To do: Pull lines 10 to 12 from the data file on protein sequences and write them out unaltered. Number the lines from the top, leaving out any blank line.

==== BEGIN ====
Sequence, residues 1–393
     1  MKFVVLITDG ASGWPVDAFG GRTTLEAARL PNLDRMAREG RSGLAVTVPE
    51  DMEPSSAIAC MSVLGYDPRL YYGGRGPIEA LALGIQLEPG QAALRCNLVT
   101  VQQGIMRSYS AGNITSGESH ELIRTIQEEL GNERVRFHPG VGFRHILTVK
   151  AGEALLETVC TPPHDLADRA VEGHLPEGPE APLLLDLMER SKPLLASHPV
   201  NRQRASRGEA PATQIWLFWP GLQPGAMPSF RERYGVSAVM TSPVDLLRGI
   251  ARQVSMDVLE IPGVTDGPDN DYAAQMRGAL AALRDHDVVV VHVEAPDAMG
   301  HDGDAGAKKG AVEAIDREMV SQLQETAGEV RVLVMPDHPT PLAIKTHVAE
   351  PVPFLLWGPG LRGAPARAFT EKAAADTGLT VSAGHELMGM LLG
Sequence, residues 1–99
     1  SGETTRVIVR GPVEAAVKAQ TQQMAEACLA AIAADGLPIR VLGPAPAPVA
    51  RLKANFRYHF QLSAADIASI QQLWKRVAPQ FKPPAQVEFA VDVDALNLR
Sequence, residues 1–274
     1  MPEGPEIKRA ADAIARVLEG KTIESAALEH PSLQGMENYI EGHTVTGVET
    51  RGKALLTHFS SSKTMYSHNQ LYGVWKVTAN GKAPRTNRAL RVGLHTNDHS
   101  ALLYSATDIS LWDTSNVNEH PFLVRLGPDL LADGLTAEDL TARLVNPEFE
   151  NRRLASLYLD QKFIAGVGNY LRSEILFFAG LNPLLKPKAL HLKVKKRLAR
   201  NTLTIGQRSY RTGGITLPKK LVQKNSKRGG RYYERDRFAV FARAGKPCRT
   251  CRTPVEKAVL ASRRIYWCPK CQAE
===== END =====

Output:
Sequence, residues 1–99
     1  SGETTRVIVR GPVEAAVKAQ TQQMAEACLA AIAADGLPIR VLGPAPAPVA
    51  RLKANFRYHF QLSAADIASI QQLWKRVAPQ FKPPAQVEFA VDVDALNLR